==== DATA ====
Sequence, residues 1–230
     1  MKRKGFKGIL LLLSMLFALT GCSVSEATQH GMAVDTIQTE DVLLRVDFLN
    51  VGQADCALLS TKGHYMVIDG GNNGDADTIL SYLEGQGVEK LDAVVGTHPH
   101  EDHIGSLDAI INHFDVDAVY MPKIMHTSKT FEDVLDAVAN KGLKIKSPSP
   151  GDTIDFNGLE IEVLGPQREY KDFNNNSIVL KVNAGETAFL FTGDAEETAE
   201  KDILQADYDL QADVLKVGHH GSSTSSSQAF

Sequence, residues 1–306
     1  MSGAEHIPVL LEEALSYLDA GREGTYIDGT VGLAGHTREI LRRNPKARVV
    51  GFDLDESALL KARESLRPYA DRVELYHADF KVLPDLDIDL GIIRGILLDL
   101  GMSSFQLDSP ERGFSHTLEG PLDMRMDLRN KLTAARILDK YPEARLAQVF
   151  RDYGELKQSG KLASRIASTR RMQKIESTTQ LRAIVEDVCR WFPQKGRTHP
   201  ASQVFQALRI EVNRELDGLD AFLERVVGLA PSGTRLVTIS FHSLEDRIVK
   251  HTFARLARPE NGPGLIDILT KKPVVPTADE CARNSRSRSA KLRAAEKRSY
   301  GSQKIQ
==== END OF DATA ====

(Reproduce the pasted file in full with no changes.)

Sequence, residues 1–230
     1  MKRKGFKGIL LLLSMLFALT GCSVSEATQH GMAVDTIQTE DVLLRVDFLN
    51  VGQADCALLS TKGHYMVIDG GNNGDADTIL SYLEGQGVEK LDAVVGTHPH
   101  EDHIGSLDAI INHFDVDAVY MPKIMHTSKT FEDVLDAVAN KGLKIKSPSP
   151  GDTIDFNGLE IEVLGPQREY KDFNNNSIVL KVNAGETAFL FTGDAEETAE
   201  KDILQADYDL QADVLKVGHH GSSTSSSQAF

Sequence, residues 1–306
     1  MSGAEHIPVL LEEALSYLDA GREGTYIDGT VGLAGHTREI LRRNPKARVV
    51  GFDLDESALL KARESLRPYA DRVELYHADF KVLPDLDIDL GIIRGILLDL
   101  GMSSFQLDSP ERGFSHTLEG PLDMRMDLRN KLTAARILDK YPEARLAQVF
   151  RDYGELKQSG KLASRIASTR RMQKIESTTQ LRAIVEDVCR WFPQKGRTHP
   201  ASQVFQALRI EVNRELDGLD AFLERVVGLA PSGTRLVTIS FHSLEDRIVK
   251  HTFARLARPE NGPGLIDILT KKPVVPTADE CARNSRSRSA KLRAAEKRSY
   301  GSQKIQ